How to Become Master of Two Worlds – Part One

A richer, fuller life can be had once we learn the important lesson discussed in this article series … How to Become Master of Two Worlds.

Joseph Campbell was a mythologist whose most famous work is “The Hero With a Thousand Faces.”

The Hero With a Thousand Faces Damon DiMarco

In his book, Campbell asserted that the hero of his mono-myth cycle — the person who descends into darkness and returns with elixirs of life to heal the wounds of his or her tribe — becomes the “Master of Two Worlds.”

What did he mean by that?

Joesph Campbell's Hero's Journey 3 chart Damon DiMarco
Look carefully.
You’ll find the stage where the Hero becomes Master of Two Worlds in Act Three of this chart.

Campbell was tapping into a very powerful concept. One which, sadly, is now almost totally lost in Western society.

This concept goes by many names in many traditions. 

  • Theravāda Buddhists call it vipassanā, which means “inner seeing” or “special seeing.”
  • Christians call it contemplative prayer, from the Latin word contemplatio.
  • Contemplatio translates into Greek as theoria, which is the root for the English words “theory” and “theater.” Theoria means “to look at” or “to consider” as a spectator. In other words, to observe with detachment.
  • Students of Zen call this practice shoshin, meaning “beginner’s mind” or “zen mind”— a mental state in which one does not judge but detaches and merely observes. 

Can you spot similarities among the above descriptions?

Each term mentioned describes a school of meditation.

And the point of meditation is to let go of the mind that decides, that cuts things in half, and begin to accept things as they truly are.

This is what we’ve lost sight of.

This is what’s harming us, both as a society and — for many creative people — as artists.  

It’s Not “EITHER/OR” … It’s “BOTH/AND”!

I’ve written about his concept before, and how important it is, both to our evolution as human beings and our evolution as artists. 

(Please note that the two are related.)

The skill I specifically mentioned is the skill of sitting in the tension of opposites.

Of recognizing that life is neither THIS nor THAT, neither GOOD nor BAD, neither LEFT nor RIGHT, neither CORRECT or INCORRECT.

Instead, life is big enough, powerful enough, flexible enough to contain both apparently opposed polarities … and more!

In other words, it’s not EITHER/OR … but BOTH/AND.

A perfect example comes to us from the world of physics.

By constantly asking questions about the nature of our universe, scientists made a startling discovery.

Light is neither purely matter (meaning, composed of particles) nor energy (meaning, composed of waves).

Paradoxically, light is both matter and energy AT THE SAME TIME.

Light is both a particle and a wave
Light is a perfect example of BOTH/AND thinking. It’s both a particle and a wave at the same time.

I know, I know. It’s tough to wrap your head around. 

But that’s my point.

The truth usually is. 

And that’s why we so often fail to see it.

Unable or unwilling to take the bold leap into a non-dualized understanding of our world, we rush to judgements. Make decisions. Come down on one side or the other.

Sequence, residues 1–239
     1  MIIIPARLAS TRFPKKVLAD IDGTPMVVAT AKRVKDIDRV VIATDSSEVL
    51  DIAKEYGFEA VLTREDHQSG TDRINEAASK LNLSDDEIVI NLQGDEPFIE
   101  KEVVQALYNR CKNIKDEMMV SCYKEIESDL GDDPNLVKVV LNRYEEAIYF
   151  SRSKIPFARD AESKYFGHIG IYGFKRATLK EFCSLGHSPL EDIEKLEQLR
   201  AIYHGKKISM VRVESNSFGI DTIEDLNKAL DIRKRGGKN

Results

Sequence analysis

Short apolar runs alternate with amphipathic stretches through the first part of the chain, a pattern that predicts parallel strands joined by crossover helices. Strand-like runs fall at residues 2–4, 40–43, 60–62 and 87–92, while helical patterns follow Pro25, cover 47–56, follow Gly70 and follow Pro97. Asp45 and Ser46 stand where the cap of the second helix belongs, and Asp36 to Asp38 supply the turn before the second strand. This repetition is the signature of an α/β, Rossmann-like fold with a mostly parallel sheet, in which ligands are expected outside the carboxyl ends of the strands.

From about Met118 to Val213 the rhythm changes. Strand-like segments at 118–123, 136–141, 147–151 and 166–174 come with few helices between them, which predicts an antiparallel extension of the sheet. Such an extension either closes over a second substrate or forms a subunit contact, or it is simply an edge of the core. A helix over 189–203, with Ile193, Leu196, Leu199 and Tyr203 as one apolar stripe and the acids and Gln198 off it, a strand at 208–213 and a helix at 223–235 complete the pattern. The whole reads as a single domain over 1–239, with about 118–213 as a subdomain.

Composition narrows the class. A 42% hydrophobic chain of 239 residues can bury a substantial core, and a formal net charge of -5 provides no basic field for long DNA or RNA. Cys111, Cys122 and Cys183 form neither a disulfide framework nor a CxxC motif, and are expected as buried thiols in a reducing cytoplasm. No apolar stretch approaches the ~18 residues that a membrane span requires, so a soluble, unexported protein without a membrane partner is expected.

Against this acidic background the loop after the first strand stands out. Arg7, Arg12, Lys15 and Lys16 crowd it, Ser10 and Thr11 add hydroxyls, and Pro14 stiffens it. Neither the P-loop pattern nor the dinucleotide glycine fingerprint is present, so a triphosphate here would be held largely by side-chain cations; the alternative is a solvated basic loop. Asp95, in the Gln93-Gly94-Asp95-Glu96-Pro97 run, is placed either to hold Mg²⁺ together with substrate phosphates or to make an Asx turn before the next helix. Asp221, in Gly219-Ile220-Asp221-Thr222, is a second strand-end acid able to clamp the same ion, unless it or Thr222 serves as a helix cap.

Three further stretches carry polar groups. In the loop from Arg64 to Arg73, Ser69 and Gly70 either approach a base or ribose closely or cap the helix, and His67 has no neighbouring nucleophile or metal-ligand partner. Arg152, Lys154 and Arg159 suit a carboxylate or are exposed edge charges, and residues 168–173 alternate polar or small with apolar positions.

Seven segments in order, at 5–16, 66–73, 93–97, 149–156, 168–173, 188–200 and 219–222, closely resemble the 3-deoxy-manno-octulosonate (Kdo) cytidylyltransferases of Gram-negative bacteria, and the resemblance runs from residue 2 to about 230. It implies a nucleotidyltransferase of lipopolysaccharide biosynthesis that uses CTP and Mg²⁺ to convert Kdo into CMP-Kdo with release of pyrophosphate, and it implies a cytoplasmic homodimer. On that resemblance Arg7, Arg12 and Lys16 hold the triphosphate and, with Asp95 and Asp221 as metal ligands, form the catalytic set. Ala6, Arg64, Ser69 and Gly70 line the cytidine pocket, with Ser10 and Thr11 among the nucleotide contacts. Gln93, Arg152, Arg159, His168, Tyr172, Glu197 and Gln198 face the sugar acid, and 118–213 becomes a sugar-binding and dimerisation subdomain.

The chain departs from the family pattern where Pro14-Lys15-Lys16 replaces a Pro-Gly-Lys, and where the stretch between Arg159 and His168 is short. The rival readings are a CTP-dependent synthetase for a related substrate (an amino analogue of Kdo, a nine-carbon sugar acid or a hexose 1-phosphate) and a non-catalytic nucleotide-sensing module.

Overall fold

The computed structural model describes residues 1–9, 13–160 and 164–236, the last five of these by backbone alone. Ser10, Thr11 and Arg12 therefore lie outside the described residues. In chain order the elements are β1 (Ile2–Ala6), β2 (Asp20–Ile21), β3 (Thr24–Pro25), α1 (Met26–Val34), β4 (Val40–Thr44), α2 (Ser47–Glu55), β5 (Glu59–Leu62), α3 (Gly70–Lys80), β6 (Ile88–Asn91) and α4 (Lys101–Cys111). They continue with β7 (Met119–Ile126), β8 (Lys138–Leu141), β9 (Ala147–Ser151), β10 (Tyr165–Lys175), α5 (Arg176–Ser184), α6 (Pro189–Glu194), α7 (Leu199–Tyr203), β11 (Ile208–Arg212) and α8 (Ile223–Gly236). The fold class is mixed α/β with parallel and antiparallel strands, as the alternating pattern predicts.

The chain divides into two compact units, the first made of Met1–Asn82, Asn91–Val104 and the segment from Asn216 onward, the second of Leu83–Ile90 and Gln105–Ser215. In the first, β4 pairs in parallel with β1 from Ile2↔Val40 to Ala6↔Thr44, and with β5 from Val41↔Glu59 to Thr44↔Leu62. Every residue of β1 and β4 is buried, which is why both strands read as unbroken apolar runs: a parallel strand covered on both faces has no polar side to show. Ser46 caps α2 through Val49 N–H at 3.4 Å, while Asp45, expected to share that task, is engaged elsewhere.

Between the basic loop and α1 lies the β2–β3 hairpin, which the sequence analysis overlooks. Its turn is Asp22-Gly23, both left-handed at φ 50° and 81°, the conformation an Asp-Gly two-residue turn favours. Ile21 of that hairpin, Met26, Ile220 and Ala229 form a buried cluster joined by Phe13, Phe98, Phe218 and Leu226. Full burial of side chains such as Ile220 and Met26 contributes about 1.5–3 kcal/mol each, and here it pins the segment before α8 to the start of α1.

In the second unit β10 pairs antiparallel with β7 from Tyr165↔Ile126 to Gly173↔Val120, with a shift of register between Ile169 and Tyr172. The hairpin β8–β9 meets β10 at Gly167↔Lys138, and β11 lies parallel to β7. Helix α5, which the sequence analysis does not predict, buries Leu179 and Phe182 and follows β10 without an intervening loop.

We think or say or act in the following manner:

  • “All people who look or act a certain way are bad.”
  • “Everyone who votes for that guy is an idiot.”
  • “I’m in the right and she’s wrong.” 
  • “I’m on this side. Which side are you on? There have to be sides.”

This list, of course, goes on and on.

Frankly, the applications of EITHER/OR thinking are endless.

Sadly, however, each time we practice EITHER/OR thinking, we miss something valuable.

Stay Whole by Avoiding the “Split”

Psychologists have a term for EITHER/OR thinking. They call it splitting.

You may have heard it called by other names, such as “black-and-white thinking” or “all-or-nothing thinking.”

Same difference.

By whatever name we call it, splitting is a refusal to sit in the admittedly uncomfortable tension of opposites.

Why would anyone bother to do this? Why would we bother to make ourselves uncomfortable?

The answer is simple:

So we can better observe the relationship of apparently disparate elements. And, in this manner, learn how best to resolve them.

Our refusal to do this boils down to a failure of intellect.

When we split, we’re seeking the comfort of instantaneous gratification.

We’re reaching for the low-hanging fruit.

We’re like children who eat only candy all day. “Gosh!” we think. “This is so tasty!” But then, come evening, we’ve deprived ourselves of real nutrition. Hopped up on sugar, we tend to act out. We’re no longer in control of ourselves. This is how feelings get hurt and Mama’s favorite vase somehow gets broken.

It doesn’t have to be so.

This series of articles will explore how and why we fail to unite the dichotomy of positive and negative qualities — both in ourselves and other people — to create a cohesive, realistic whole. 

It will also addresses how we can attune our thinking so we never again fall into this mental trap again.

Well … almost never again. Mistakes will happen. We’re only human, after all!

But take heart.

Once we begin this journey, our lives will become richer and fuller, unfolding in deeper and more rewarding ways than we’ve ever experienced before.

For artists, sitting in the tension of opposites, letting all things wash over and through is, the key to making good art.

And not just good art … but the best art we’re capable of.

Are you ready for that?


Then let’s begin!

Here’s wishing you the best of everything in all your endeavors.

Damon DiMarco

How to Become Master of Two Worlds – Part One

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Damon DiMarco

Damon DiMarco (born October 16, 1971), is a New York City author, actor, playwright, and historian. His oral history work has been compared to that of Studs Terkel. He was born in Princeton, New Jersey.